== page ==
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The medial meniscus is crucial for knee homeostasis. Treating patients who have undergone a subtotal or total meniscectomy, or equivalent irreparable tear pattern, can be extremely challenging, especially in young, active patients. The importance of meniscal preservation has been reported by several authors. Meniscal repair is now widely accepted as the first surgical option for treating medial meniscal tears. Moreover, current guidelines recommend preserving as much meniscal tissue as possible. Treating a symptomatic medial meniscectomized knee is challenging because of limited surgical options. In this context, medial meniscal allograft transplantation arises as the preferred procedure. The purpose of this article was to detail the arthroscopic medial meniscal allograft transplantation technique with the use of 2 bone plugs.
Meniscal tears are one of the most commons lesions in orthopaedics.1, 2 It is well established in the literature that the menisci play an important role in load absorption and distribution, knee stability, joint lubrication, and congruity.3, 4 The medial meniscus absorbs 50% of the medial compartment load in an extended knee and it has an important role in stabilizing anteroposterior (AP) knee translation.5 When a medial meniscectomy or equivalent irreparable tear pattern leads to symptoms that could indicate predictable early onset osteoarthritis, medial meniscal allograft transplantation (MMAT) is a viable treatment option.
Several MMAT techniques including open and arthroscopically assisted have been described as an attempt to restore knee biomechanics and potentially decrease the risk of osteoarthritis. Among these, arthroscopic soft tissue and bone plug techniques have been described for root fixation. Bone plug techniques for MMAT have been reported to lead to better results than the soft-tissue fixation,6 and therefore constitutes the preferred option. The purpose of this surgical technique description was to describe our method of MMAT using a 2 bone plug method.
Imaging studies should include weightbearing AP, lateral, and long-leg standing alignment radiographs, as well as magnetic resonance imaging (MRI). Partial and total medial meniscectomy can be evaluated on axial, coronal, and/or sagittal MRI views. Classic MRI presentation of a medial meniscectomy is seen as the absence of an identifiable meniscus. An arthroscopic evaluation should be performed to determine if the patient is a suitable candidate for MMAT in cases of doubtful indication.7, 8 Uncorrected joint comorbidities are contraindications to MMAT. Concomitant procedures such as joint alignment, ligament stabilization, and cartilage resurfacing will likely improve the survival of the graft, and are encouraged to be performed in the same surgical procedure or previous to the MMAT.9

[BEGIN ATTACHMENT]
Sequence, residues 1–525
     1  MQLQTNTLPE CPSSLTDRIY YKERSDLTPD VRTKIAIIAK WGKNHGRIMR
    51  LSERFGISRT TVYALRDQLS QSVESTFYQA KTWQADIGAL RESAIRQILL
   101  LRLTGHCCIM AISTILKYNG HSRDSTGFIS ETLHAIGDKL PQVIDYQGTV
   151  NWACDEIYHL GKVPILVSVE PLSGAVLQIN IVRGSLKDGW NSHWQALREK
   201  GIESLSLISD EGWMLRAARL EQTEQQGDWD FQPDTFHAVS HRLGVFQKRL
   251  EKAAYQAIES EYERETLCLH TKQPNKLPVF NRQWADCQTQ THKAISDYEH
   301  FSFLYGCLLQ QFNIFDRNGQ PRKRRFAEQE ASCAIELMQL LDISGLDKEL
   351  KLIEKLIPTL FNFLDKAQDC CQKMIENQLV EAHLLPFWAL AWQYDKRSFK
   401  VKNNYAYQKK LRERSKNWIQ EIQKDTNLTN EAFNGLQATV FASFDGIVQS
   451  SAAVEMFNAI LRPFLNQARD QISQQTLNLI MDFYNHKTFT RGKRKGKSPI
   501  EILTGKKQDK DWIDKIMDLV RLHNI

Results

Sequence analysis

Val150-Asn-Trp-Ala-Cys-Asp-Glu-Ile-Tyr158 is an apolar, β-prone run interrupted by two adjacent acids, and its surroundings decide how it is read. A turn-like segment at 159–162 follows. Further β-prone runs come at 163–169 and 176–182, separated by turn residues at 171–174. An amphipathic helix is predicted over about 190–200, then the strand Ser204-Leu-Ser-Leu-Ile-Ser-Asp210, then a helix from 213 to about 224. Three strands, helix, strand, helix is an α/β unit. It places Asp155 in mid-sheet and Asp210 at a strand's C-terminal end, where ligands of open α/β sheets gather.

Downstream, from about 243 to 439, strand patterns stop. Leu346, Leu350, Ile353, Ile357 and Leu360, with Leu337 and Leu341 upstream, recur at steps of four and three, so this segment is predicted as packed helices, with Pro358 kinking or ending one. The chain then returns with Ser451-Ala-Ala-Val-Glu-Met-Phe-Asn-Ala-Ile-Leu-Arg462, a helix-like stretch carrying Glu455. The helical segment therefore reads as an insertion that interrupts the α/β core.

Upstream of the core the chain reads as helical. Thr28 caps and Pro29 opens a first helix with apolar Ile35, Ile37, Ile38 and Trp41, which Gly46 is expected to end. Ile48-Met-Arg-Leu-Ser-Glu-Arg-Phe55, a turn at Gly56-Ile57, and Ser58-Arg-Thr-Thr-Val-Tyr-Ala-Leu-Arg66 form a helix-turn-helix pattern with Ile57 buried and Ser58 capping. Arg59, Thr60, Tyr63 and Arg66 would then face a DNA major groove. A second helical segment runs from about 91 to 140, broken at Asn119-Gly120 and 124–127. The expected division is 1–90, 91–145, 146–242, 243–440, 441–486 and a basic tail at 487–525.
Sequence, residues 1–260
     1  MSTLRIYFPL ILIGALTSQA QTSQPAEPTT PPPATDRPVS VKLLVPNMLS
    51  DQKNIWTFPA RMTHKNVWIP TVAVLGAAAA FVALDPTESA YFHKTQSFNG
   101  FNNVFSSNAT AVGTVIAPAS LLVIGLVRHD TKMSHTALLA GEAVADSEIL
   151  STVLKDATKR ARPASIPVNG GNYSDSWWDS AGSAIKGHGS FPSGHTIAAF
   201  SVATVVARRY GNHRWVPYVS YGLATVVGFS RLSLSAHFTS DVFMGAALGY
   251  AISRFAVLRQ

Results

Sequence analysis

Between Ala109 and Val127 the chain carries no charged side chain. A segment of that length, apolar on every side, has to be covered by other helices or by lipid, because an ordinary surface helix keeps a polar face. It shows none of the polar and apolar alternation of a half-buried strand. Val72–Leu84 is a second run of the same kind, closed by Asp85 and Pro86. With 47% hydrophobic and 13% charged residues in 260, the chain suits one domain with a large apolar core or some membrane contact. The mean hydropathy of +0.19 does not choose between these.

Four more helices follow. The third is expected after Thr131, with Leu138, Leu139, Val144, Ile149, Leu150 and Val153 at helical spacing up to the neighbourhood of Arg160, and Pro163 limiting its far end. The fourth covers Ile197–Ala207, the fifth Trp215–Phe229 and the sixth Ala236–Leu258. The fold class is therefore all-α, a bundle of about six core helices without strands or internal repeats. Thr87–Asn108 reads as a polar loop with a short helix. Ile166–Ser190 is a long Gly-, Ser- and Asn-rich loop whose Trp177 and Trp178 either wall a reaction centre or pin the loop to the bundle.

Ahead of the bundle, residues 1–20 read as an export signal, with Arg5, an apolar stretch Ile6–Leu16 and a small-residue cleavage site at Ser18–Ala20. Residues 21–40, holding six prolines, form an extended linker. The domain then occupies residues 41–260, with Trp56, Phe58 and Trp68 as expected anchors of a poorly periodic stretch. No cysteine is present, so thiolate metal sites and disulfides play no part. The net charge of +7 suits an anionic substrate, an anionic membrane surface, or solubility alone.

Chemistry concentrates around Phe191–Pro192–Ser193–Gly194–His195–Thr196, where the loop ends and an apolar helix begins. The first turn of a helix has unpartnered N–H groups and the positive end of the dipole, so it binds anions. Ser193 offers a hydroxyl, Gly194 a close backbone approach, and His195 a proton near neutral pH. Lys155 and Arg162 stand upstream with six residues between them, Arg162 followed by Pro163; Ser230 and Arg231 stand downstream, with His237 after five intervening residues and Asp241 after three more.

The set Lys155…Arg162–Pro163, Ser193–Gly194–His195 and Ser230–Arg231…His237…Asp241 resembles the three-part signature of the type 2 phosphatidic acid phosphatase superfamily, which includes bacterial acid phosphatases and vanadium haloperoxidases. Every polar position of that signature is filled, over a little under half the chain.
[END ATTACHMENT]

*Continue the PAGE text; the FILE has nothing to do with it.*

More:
At present, no clear guidelines exist regarding inclusion criteria and timing for a MMAT. The criteria used by the senior author (R.F.L.) (blinded for review) include isolated medial knee pain with or without postactivity effusions after subtotal, total, or a functionally equivalent meniscectomy in patients with closed physes.7 The physes must be closed to avoid causing a physeal arrest and alignment deformities. Obesity should be considered as a relative contraindication to performing a MMAT; some authors contraindicate this procedure in patients with a body mass index of more than 30, because it increases the load within the knee compartments, resulting in increased risk of allograft failure.10
Patients with Outerbridge classification grade IV chondromalacia11 and bipolar (“kissing lesions”) articular cartilage lesions are not good candidates for MMAT. Patients who are candidates for a concurrent articular cartilage resurfacing procedure can be considered for an exemption.7
Fresh frozen and nonirradiated or nonantigen matched grafts are preferred for MMAT. Graft sizing is essential to the successful outcome of MMAT. The method used by our group is the one described by Pollard et al.,12 which incorporates radiographic measurements to improve graft sizing. This method was reported to have a size mismatch of less than 5%. According to this method, meniscal width (medial-lateral dimension) is equivalent to the coronal distance from the peak of the medial tibial eminence to a line perpendicular to the joint line, tangent to the periphery of the medial tibial metaphysis on AP films. Meniscal length (AP dimension) is measured from lateral radiographs and can be calculated as 80% of the measured sagittal length of the tibial plateau. MRI has also been used for measurements of the affected and contralateral knee.13